Thursday, 22 January 2015

Showing Service Management Value: Incident Management

Whenever you are talking about making any improvements to service delivery the key question is going to be where to start. Part of the improvement process is to identify what to improve upon. Most organizations will outline that the 'buck stops here so this is one improvment objective to look at - Value. Granted, Incident management in itself isnt a 'value add' process however I decided to start here since many organizations already are doing this on some level.

In another career lifetime I worked with a person who said that every minute counted, he said that if you added all the lost minutes together you could produce unimagined results. He usually followed this up with “time is money”. While he may not have been a positive mentor in the sense that I learned how to improve customer service I did learn something from him. Every minute counts.

Keep in mind, calculating the return on investment isn’t always going to be down to dollars and cents, minutes and hours. In some cases there will be areas which are going to less quantifiable like customer satisfaction for instance.

For some quantifying what a service costs will present at least two issues I can think of right away.

     1. That you won’t be able to quantify the cost of your services, and in the seemingly endless search this initiative will lose traction and fall off the radar altogether.
     2. Because of number 1, you decide to leverage values which have been deemed as industry standards. The trouble is when you are asked how you came up with the values and answer “industry standards” your audience may see this data as inaccurate or a guess at best.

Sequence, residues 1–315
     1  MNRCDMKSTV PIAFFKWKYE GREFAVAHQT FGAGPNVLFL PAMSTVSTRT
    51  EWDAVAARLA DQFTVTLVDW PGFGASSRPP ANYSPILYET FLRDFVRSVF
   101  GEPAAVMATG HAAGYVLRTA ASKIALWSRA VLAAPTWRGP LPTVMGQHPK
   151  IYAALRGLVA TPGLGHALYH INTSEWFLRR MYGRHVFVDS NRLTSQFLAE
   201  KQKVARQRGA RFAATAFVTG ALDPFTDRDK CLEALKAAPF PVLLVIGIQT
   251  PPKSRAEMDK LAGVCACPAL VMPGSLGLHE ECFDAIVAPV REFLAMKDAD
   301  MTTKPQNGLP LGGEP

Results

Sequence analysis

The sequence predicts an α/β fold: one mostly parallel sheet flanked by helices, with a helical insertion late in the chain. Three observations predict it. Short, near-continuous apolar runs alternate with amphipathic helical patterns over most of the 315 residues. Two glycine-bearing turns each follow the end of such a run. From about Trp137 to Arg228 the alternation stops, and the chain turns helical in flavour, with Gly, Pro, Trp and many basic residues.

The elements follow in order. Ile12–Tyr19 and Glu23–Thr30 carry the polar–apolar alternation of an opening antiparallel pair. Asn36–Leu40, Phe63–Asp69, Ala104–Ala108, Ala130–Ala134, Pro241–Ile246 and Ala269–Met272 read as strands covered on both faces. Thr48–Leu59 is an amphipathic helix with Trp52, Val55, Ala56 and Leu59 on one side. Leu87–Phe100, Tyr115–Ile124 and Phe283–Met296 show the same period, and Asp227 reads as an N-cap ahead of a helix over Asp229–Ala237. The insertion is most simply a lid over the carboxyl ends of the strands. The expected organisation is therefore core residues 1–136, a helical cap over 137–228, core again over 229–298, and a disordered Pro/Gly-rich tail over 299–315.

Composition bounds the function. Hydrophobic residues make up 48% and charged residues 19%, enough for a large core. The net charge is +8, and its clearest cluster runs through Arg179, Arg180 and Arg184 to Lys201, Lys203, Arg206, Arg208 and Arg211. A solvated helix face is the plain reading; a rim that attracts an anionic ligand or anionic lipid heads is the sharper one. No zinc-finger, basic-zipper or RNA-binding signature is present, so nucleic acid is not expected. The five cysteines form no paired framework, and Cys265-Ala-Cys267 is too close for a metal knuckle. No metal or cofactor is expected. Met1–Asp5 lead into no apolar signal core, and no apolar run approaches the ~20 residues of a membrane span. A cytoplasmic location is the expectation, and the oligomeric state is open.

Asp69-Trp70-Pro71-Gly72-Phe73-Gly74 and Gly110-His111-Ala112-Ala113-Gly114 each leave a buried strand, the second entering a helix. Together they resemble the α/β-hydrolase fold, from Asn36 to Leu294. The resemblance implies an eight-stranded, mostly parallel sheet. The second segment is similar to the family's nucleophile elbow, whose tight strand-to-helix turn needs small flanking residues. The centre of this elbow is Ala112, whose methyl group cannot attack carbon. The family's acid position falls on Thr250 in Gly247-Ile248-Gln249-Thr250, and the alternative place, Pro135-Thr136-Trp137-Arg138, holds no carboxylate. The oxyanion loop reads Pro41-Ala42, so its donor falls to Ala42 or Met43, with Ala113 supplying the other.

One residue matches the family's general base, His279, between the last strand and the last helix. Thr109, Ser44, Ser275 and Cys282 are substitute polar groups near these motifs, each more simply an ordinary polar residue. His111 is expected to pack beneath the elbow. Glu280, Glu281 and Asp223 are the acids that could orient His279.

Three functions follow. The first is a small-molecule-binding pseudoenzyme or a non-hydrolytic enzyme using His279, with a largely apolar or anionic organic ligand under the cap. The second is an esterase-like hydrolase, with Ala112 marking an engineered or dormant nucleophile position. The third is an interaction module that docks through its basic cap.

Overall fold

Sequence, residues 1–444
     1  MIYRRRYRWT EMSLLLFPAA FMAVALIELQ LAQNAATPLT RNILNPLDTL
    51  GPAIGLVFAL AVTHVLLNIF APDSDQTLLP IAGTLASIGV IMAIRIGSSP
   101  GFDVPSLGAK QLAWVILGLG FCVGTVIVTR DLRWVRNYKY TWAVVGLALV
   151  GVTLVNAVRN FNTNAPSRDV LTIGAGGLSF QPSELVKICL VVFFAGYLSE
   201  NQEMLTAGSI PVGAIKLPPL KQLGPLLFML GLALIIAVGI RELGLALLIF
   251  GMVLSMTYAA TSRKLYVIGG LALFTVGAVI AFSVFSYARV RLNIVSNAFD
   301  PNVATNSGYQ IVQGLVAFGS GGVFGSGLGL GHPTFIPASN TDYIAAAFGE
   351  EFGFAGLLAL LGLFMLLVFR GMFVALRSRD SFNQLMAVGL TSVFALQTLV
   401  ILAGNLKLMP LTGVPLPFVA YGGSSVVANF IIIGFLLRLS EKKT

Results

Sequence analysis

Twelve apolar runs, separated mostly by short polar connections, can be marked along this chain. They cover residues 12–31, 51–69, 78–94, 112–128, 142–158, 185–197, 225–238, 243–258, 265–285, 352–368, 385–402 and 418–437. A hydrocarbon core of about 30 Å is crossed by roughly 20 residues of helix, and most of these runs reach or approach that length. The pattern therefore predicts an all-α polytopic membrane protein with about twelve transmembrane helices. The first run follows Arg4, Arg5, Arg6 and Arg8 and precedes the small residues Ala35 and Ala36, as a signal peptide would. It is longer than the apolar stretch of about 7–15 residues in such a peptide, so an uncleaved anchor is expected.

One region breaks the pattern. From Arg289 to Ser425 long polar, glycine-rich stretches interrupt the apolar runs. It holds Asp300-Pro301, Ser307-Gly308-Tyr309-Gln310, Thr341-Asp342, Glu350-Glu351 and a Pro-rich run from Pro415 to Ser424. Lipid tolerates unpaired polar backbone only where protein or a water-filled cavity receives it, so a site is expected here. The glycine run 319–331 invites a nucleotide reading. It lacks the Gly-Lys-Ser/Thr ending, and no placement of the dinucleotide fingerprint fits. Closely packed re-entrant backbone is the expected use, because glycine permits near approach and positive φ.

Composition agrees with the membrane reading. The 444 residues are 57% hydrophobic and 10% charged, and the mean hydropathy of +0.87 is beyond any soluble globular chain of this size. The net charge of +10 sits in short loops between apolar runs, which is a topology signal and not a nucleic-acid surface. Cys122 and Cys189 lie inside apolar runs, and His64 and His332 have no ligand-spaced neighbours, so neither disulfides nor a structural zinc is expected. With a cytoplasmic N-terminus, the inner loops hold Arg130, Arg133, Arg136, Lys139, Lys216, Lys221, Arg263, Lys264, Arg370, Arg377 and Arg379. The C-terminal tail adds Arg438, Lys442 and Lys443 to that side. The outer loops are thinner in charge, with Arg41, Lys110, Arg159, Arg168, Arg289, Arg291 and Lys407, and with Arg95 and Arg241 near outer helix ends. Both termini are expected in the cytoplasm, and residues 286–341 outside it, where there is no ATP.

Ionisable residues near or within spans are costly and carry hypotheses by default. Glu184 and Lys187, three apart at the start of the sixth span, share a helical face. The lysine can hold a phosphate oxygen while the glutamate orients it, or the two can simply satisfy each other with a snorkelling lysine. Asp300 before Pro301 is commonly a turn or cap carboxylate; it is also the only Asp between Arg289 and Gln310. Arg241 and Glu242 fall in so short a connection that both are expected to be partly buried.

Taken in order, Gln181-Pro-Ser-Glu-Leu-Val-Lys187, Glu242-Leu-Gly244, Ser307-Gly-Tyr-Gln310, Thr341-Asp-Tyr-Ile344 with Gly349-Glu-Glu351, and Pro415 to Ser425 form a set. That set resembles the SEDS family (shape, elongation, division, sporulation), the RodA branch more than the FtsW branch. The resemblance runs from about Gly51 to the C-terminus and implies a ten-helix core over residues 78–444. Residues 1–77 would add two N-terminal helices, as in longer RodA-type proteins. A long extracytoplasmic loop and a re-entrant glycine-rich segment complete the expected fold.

So how do you proceed?

To begin with, if you do nothing you will achieve nothing. Doing something even if it appears insignificant will have some impact. I suggest by starting with what you already know. What it costs for you and your team to manage incidents.

Here is a simplified example:
Note: these numbers have no value other than to show mathematics you can apply to your organization


Priority
Volume
Duration (average)
Total Duration (minutes
1
100
4hrs
24000 mins
2
200
8hrs
96000 mins
3
700
24hrs
1008000 mins

Staff
Salary/Year
Cost/min*
People
Total Salary
Tier 1
50K
.40
10
500000
Tier 2
75K
.60
10
750000
Tier 3
100K
.80
10
 *Based on 40hrs/week and 52 weeks per year

If we were to suggest that each incident requires the following:
·       2 Tier 1 @ 0.40/min = .80/min
·       2 Tier 2 @ 0.60/min = 1.20/min
·       1 Tier 3 @ 0.80/min
The total for all Priority 1 would be 2.80(24000) = 67200.00 per year

What if we were to enable other teams in a way to reduce cost? Let’s say that we were to eliminate the need for a Tier 3 person at all for incidents 2.00(24000) = 19200 savings!

Alternatively if we were to reduce the average outage time in Priority 1 incidents from 4 hours to 3 hours it would look like this  2.80(18000) = 50400.00 per year – that’s a 16800 dollar savings.

Now I appreciate that these people are not working on these issues all the time but what we are looking at is identifying where our costs are associated. We may currently escalate all priority 1 incidents to our Tier 3 support as in this example, however after looking at the costs we may decide that there are better ways to do things compared with “we have always done it this way and it seems to work”.

The 30 people we have in IT are not likely to change as a result of reducing incidents however we should be in a position to re-allocate them to other work accordingly. In most cases putting particular skills to work in areas where they are used in a more cost effective way.

What an exercise like this really illustrates is where you can make some improvements or where any automation could help to reduce your costs.

 

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